Wednesday, April 28, 2010

Is it safe to give garlic to dogs?

Medical science says garlic is poisonous to dogs, but are they referring to the same garlic remedy that’s been used in treating dogs by holistic vets for decades? In ancient India's Sanskrit records its medicinal use dates back to about 5,000 years ago, and it has been used for at least 3,000 years in Chinese medicine. The Egyptians, Romans, Greeks, and Babylonians, were known to have harnessed the healing properties of garlic as well.

How can an herb with so much medicinal history suddenly develop such a bad reputation?

Despite its healing qualities, Garlic contains a compound named thiosulphate. In extremely high levels thiosulphate can be a dangerous toxin that can cause hemolytic anemia in dogs. In the research studies the animals were given large concentrations of the isolated substance to produce the effect. This is not a reference to normal ingestion or moderate dosing.

In yet another scientific study the effects of garlic products, including dehydrated raw garlic powder, dehydrated boiled garlic powder and aged garlic extract, on the gastric mucosa of dogs were determined using three commonly sold preparations, raw capsule garlic powder caused severe mucosal damage, including erosion. Boiled garlic powder also caused inflammation and reddening of the mucosa, whereas aged garlic powder did not cause any undesirable effects. Among the garlic preparations, Aged Garlic Extract could be the most suitable form, particularly for long-term use. Aging in particular may be the most effective method to eliminate the toxic effects of raw garlic. The safety of enteric-coated garlic products was also studied. Direct administration of pulverized enteric-coated products on the gastric mucosa caused reddening of the mucosa in test animals (dogs). When an enteric-coated tablet was administered orally, it caused loss of epithelial cells at the top of crypts in the ileum in the intestinal tract. Enteric-coated garlic products by pass the stomach and deliver garlic directly into the intestine, which is not a traditional route for garlic intake in any species!

When used in moderation, garlic can be a healthy supplement. Garlic can be used to stimulate and support immune function, trigger gastric juices for better digestion, encourage the growth of friendly bacteria, and prevent infections. Garlic reduces the risk of cardiovascular disease and cancer as well as improves blood sugar regulation and promotes detoxification.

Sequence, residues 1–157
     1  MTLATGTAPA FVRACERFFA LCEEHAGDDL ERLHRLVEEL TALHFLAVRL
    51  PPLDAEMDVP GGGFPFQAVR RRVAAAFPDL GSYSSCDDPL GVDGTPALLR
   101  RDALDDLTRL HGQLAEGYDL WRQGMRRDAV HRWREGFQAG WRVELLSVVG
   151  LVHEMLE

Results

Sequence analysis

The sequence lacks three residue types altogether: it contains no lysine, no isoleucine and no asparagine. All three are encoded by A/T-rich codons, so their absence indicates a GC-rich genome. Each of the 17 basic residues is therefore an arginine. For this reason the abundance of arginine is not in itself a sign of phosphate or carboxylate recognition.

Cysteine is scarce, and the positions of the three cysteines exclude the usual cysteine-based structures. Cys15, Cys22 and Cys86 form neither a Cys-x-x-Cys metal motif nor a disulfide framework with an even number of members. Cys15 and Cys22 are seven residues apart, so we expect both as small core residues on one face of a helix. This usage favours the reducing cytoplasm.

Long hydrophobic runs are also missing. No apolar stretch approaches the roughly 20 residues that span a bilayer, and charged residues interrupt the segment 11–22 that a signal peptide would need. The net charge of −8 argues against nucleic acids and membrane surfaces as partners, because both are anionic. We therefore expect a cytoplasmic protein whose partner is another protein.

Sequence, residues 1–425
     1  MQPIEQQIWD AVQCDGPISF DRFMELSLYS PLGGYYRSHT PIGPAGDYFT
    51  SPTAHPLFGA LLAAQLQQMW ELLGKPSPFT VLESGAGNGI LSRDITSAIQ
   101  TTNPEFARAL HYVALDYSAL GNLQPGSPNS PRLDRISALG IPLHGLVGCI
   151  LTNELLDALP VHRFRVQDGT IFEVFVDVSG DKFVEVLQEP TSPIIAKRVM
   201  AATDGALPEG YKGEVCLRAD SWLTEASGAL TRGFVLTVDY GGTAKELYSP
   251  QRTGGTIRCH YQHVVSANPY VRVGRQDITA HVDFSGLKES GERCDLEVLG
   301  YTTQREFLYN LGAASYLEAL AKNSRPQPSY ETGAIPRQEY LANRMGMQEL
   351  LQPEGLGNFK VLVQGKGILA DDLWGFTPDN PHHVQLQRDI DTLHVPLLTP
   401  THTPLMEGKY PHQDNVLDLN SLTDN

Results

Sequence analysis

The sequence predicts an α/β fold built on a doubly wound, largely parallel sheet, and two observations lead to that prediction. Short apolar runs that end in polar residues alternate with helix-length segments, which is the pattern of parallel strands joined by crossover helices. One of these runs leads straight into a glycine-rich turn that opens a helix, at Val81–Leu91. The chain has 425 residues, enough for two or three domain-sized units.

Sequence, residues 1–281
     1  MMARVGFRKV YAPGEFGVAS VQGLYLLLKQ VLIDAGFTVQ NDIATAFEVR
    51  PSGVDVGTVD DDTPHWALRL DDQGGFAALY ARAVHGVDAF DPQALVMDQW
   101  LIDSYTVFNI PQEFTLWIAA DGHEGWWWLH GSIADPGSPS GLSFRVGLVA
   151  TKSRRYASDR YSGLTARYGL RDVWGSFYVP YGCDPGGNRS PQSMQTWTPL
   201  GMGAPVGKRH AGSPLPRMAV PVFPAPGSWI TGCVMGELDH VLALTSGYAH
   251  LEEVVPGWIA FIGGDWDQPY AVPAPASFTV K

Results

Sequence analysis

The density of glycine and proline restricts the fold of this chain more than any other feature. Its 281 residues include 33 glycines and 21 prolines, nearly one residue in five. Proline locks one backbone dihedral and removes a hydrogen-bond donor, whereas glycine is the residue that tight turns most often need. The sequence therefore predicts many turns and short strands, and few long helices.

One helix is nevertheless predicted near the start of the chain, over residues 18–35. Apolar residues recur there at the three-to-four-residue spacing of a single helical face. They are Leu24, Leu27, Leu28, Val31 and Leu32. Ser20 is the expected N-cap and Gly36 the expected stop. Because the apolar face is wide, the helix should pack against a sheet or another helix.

Historic use of garlic as a condiment and herb has always been via oral ingestion and not via direct delivery into the stomach or intestines, in the form of a concentrated, standardized surprise! The safety of such delivery systems for garlic is unknown not to mention totally unnatural!

For centuries, garlic has been a primary remedy relied upon in a majority of cases. For as long as people have been using garlic, they have also been feeding it to their animal companions. Empirically, its medicinal properties have been strongly proven, along with its safety of use.

In the United States for the last 50 years, garlic has remained in the forefront of holistic medicine. Every text written by the founding fathers of holistic veterinary medicine recommended it, and revere its incredible anti-parasitic and anti-bacterial properties. Research shows, garlic has also benefited animals with cancer, diabetes, liver, heart and kidney disease, skin/staph infections, ear infections and a myriad of other conditions. It has grown to be a staple in preventative protocols for pets. For years it has been safely used by thousands of companion animal owners with no reports of negative side-effects - up until now. All of a sudden; garlic is an offending "suspect," without being proven the offender. The majority of people are allowing mass hysteria to determine a holistic care program for their dog or cat.

There are over 51,000 sites on the web devoted to warnings about the "toxicity" of garlic, even though there is little scientific data to back the claim other than the fact that thiosulphate is found in garlic. Yet, there are also upward of 4000,000 internet sites, many of which are reputable holistic veterinarians who have widely used garlic in their practice for many years! In regard to this miracle herb and its hundreds of years of "proven use" I would recommend trusting history over mass hysteria and half truths any day.


How To Safely Give Garlic To Dogs

If you are going to give your dog garlic in the form of a commercial supplement, for safety, we recommend the protective non-burn use of an odor-free, aged extract, such as "Kayolic Aged Garlic Extract." The suggested dose for dogs is: Small dogs receive 1/2 capsule Aged Extract daily, with the dosage increasing with the pet's size, ranging up to 2 capsules given in a split dose, depending on the dogs weight. If you are going to give your dog garlic in its raw state the dose is 1/2 to 1 small minced/pressed clove daily, mixed into a meal.

RESOURCE

Pet Remedy Charts are tools that help you easily learn to use herbs, homeopathy, flower remedies and acupressure for dogs, cats, horses and birds. Developed by Lorelei Whitney, M.H., D.Hom. to enable anyone to treat their pets at home. To find out more about natural healing strategies for pets go here: http://www.petremedycharts.com

2 comments:

  1. Great info. I've learnt a lot about garlic here.
    Joe
    http://www.totalpaws.com

    ReplyDelete